The making of the CPO went through statutory consultation and only one objection to the CPO was received, from Instant Cash Loans Ltd. As a result the Secretary of State was required to list the matter for a Public Inquiry to consider the objection and determine whether to confirm the CPO or refuse it. The Inquiry was scheduled for 23rd April 2013. Officers had been in discussion with both remaining interests over options for relocation and compensation payable under CPO code of compensation.
Arriva did not object to the CPO but they remained a tenant with rights to occupy and their lease must still be acquired by implementing the CPO or by a deed of surrender which was also being negotiated with them, and would continue to be negotiated even if the CPO was confirmed. The confirmation of the CPO was required to ensure that the Council could acquire all remaining interests within a reasonable timescale to progress demolition of the building as part of the regeneration improvements to the Town Centre, should a deed of surrender not be forthcoming. Discussions were progressing well with Arriva on the identification of alternative accommodation and officers were confident that they would relocate into a unit on the High Street.
Discussion with Instant Cash Loans Ltd had resulted in them withdrawing their objection to the CPO as they had secured alternative premises in the town centre at 140 High Street. The withdrawal of the CPO had negated the need for the CPO Inquiry scheduled for 23rd April, which had now been cancelled with DCLG granting authority for the Council to confirm the CPO and finalise the process of bringing all remaining interests into the Councils ownership. As with Arriva, their lease also required formal termination by the confirmation of the CPO or a deed of surrender.
|Consideration was given to a report on the Task and Finish Review of Community Safety and Security Services.|
The report presented the Environment Select Committee findings following the Task and Finish Review of Community Safety and Security Services. The review considered evidence regarding performance of the services, including corporately collected data and Crime Statistics, while also examining the results of various customer feedback and resident surveys that had previously been carried out.
|Cabinet considered a report that detailed the decisions taken by the Leader of the Council regarding Cabinet Members, Cabinet Portfolios and executive functions and delegated powers under the Councils Constitution.|
|Cabinet considered a report relating to Welfare reform changes from April 2013. In particular changes introduced size criteria rules for tenants of registered social landlords which would significantly increase demand for discretionary housing payments from tenants who could not afford to make up the shortfall between the housing benefit payment and the rent charged. Government funding had increased but it was sufficient to cover only 7% of the additional shortfalls. |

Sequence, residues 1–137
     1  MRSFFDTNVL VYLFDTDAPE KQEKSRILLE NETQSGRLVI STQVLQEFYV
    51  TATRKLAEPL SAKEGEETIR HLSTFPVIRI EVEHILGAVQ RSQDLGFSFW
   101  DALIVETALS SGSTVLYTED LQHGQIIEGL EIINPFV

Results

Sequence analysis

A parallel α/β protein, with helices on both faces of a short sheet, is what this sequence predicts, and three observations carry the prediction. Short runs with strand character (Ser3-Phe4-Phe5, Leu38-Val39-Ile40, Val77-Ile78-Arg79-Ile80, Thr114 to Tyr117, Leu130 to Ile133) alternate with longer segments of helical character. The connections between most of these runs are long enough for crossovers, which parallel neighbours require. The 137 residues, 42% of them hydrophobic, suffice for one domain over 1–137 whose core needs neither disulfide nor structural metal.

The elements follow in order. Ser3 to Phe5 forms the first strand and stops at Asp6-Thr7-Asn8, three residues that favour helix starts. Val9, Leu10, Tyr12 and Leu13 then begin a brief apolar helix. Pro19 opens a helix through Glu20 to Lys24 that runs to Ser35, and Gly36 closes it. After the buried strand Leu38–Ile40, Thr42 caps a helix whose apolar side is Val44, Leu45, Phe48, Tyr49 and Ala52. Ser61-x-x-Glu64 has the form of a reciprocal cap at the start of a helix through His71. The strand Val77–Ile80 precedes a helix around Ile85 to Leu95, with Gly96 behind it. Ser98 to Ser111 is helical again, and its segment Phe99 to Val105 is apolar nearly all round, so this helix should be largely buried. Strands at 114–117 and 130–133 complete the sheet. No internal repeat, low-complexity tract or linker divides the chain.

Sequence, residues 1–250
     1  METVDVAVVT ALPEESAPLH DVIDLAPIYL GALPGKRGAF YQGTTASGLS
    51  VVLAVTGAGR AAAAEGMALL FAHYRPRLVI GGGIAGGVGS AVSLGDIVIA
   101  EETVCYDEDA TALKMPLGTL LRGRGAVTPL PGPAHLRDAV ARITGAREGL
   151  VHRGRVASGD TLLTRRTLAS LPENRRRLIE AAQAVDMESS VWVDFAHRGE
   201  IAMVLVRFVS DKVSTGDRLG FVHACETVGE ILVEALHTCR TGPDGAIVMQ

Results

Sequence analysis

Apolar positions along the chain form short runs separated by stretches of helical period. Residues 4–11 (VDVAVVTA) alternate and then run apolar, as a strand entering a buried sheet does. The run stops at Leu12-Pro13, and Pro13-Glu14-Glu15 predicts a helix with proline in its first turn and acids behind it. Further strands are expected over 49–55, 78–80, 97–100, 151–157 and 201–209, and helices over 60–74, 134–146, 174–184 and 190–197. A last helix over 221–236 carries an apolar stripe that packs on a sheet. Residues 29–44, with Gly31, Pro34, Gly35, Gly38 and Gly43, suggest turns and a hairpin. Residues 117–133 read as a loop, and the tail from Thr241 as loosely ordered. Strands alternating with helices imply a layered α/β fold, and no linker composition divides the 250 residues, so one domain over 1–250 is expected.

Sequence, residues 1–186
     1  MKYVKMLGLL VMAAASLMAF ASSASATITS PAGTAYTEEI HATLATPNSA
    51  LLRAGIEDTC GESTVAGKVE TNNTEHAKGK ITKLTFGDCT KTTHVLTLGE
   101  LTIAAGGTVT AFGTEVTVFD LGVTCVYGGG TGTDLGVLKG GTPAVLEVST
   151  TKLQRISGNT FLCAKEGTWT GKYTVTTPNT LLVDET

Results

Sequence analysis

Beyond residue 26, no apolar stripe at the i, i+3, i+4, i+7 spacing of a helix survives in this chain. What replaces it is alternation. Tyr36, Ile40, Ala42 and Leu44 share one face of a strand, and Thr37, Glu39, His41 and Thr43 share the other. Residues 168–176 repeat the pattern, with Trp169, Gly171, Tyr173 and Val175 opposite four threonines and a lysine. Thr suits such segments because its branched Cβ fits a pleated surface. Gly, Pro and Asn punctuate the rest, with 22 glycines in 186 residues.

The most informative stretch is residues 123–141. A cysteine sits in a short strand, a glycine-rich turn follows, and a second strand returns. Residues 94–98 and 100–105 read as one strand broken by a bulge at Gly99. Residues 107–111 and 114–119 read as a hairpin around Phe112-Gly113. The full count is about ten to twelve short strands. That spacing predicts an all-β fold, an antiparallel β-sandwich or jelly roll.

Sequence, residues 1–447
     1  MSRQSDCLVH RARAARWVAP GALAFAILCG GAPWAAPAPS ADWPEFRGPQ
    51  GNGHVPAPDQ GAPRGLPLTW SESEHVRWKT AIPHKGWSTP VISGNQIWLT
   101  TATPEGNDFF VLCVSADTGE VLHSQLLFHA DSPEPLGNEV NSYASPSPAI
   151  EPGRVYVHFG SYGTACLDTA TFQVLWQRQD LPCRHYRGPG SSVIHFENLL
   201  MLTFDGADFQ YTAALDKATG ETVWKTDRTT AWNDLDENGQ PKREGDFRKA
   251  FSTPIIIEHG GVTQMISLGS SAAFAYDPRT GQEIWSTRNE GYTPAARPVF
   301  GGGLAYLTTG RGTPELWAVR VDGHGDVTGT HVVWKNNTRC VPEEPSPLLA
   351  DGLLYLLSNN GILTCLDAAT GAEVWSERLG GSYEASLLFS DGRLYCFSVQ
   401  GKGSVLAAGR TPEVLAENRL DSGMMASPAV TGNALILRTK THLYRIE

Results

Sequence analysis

Cabinet was asked to approve a new discretionary housing payment scheme which would set out the Councils priorities for such awards. This was provided to members as an appendix to the report.
It was noted that when considering applications for discretionary housing payments it was usual to make a detailed assessment of the personal circumstances of the claimant and family including consideration of income and expenditure, the level of indebtedness etc. Support and advice was tailored to the individual, and a discretionary housing payment was just one tool utilised in order to resolve the underlying housing problems on a long term basis. Such casework was time consuming and costly to provide. With the welfare reform changes the type of problems presenting would change and this in depth approach would be too intensive or inappropriate in a number of circumstances. Equally there were other cases where it would be unreasonable, or not in the public interest to expect a claimant to move. It was therefore proposed to fast track applications for DHP in these cases to allow more intensive support to be focused on those cases where it is most needed.
It was explained that expenditure on Discretionary Housing Payments would be monitored on a monthly basis and the number and types of awards would be continually scrutinised to ensure that resources were targeted to areas of most need and that there was equitable treatment of client groups. Further DWP guidance relating to DHPs was expected and there could be further legislative changes which impacted upon the policy. It was therefore recommended that delegated authority to make amendments to the policy was approved to the Head of Housing in consultation with the lead Cabinet Member.